Too late to seed?

Discussion in 'Homeowner Assistance Forum' started by snmhanson, Sep 26, 2005.

  1. snmhanson

    snmhanson LawnSite Member
    Posts: 59

    I live in the Northwest, the Columbia Gorge about an hour east of Portland to be exact. I am in the process of getting two 10' wide strips of grass along each side of my driveway ready for lawn. I only need to install irrigation and bring in and spread ~30 yards of topsoil. However, with a newborn on my hands this will probably take at least one week, maybe two. That puts me into the beginning/middle of October when we will be getting mild days and occasional freezing temps at night. Will this be too late to put seed down? I am hoping I can get at least a bit of grass growing before the rain really starts, otherwise we will end up with a muddy mess all winter. Thanks.

    Matt
     
  2. OCTO13ER

    OCTO13ER LawnSite Member
    Posts: 12

    First week of Oct. is not too late to seed cool season grasses. Given the amount of work you still have to prepare for getting your seed in the ground is another story. I've been working on seeding my yard (on weekends and some weekdays) since the beginning of Sept. and have found way too many things going wrong. Call it bad luck, bad weather, whatever...but never count on things going exactly as planned. Just get everything else done and then check to see where you stand. As of right now, I wouldn't count on seeding it this year. I'll feel lucky to get mine done and everything is ready. Just need the ground to dry so I can do a little raking and seed it.

    Some tips:
    Overestimate how much dirt you'll need. You can always find a home for it if you have too much.

    If the weather permits: DROP EVERYTHING AND GET TO IT!!! I kept waiting for the weather to agree with my schedule. That doesn't work (I like to say God is humbling me).

    Get more help than is needed. Ask friends, neighbors, coworkers, anyone with a strong back and a clue. It's amazing how much work is actually involved.

    Hope this helps. :)
     
  3. snmhanson

    snmhanson LawnSite Member
    Posts: 59

    Thanks for the tips. I installed over 25,000 sf of lawn and a sprinkler system last summer in our very rocky and difficult to work in soil and several years ago I did the same at our previous home with equally crappy soil so I am fairly familiar with the pitfalls and time commitment required. I do however agree with everything you said. I just wasn't sure how late in the fall you can plant grass and hope to see some coverage before winter. In any case I rented a ditcher and dug the irrigation trenches and trenches to run conduit for lighting yesterday and today it started to rain and it is supposed to continue through the weekend. Oh well, it's better than working in snow. I need to hand dig/clean out the rocky areas of the ditches and hopefully I will get most of the pipe laid and systems installed this weekend and early next week. It's only going to be ~200' feet of pvc with 10 spray heads and maybe 100' feet of conduit. As long as I can get the trenches cleaned out I think it is realistic that I can get it done this weekend. That would put me on schedule for getting topsoil and planting grass next weekend if all goes somewhat according to plan. Thanks again for the advice and best of luck on getting your project finished as well.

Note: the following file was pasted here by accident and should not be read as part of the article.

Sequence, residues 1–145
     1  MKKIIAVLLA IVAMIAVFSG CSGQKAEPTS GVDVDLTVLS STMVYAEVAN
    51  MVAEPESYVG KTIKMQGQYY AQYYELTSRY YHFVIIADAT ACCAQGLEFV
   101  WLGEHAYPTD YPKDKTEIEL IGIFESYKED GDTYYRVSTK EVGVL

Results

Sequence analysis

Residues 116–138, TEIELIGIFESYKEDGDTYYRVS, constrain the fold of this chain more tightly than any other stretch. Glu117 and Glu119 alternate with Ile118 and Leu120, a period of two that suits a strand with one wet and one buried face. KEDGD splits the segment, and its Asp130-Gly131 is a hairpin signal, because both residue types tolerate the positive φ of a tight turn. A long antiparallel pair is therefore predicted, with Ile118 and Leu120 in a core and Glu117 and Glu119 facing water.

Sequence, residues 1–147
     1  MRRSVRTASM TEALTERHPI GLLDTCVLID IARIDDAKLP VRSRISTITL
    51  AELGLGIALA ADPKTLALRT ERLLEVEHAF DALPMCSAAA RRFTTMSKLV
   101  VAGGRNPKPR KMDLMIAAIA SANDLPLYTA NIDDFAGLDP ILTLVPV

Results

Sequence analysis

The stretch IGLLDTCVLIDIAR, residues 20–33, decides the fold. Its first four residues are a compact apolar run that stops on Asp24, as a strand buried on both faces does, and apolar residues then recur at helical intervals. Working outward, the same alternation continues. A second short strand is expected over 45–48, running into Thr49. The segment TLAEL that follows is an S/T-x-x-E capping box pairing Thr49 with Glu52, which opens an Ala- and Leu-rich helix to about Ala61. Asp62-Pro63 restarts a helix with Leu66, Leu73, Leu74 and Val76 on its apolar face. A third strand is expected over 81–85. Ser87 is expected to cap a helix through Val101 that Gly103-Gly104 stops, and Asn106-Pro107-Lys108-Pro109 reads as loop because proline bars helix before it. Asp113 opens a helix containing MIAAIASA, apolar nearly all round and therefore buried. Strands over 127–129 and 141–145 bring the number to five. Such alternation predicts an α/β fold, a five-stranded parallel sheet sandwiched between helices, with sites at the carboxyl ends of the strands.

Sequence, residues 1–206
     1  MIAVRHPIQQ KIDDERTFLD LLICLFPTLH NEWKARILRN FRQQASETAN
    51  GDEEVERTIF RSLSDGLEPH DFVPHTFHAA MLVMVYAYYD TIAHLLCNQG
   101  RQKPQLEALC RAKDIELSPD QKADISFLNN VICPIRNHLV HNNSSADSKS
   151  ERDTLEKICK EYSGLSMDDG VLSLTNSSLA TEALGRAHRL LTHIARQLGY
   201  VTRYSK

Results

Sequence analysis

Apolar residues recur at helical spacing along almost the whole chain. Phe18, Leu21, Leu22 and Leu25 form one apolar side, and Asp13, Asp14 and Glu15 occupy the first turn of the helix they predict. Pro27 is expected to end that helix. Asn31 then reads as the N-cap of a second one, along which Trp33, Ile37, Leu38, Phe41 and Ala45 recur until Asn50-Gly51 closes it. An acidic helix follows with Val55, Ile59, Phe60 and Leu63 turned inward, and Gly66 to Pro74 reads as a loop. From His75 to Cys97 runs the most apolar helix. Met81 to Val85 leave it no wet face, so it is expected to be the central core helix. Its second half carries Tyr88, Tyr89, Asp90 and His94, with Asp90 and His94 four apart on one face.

Matt
     
  4. OCTO13ER

    OCTO13ER LawnSite Member
    Posts: 12

    Thanks!! I need all the luck I can get, keep me in your prayers!!! :angel: Sounds like you've done this before, this is my first. It amazed me how much work is actually involved, but I'm not shy of work. I grew up on 20 acres in Oklahoma so I've been working since I was old enough to walk.

    It's starting to look like the weather is playing by the rules, though. After a couple of gully washers this past week we're having sunny days and 70-80 degree weather. Looks like I might get the seed in after all! :) Just some raking and cleaning up to do and I'll be planting.

    I did find something good that came of the rain:
    Lots of rocks came to the surface that can now be raked up and disposed of.
    Found some low spots in the yard that were not readily apparent that can now be repaired prior to seeding.
    Discovered an area that will need errosion control matting unless I want to seed the storm drains. At first I didn't think the slope was great enough, boy was I wrong.

    Good luck to you, too!! I'd help if we were neighbors but that's a long drive. Good luck with the newborn as well. My wife and I are planning to start our family (after five years of marriage) but we're waiting for her sister to be ready (very soon). You know, cousins the same age and all that.

    Keep us posted on how your project goes.

    Adrian
     
  5. OCTO13ER

    OCTO13ER LawnSite Member
    Posts: 12

    Hey, Matt!! Me again. Just in case you're still not sure about how late is too late with seeding, here is a link I found that can give you a basic rule of thumb to go by for your specific area. I'm in Illinois south of Chicago (go White Sox!!!!! :cool2: ) so my daytime and nightime temps are just about right. Anyway, I'll stop babbling, here you go:

    http://www.seedland.com/tips1.html#COOL

    This site is full of useful info for all types of grasses. I found it very informative. Also a useful tool I found for info was the greenskeeper at my local community golf course. I called several before I found one willing to give info, the private clubs can be snooty.

    Adrian
     

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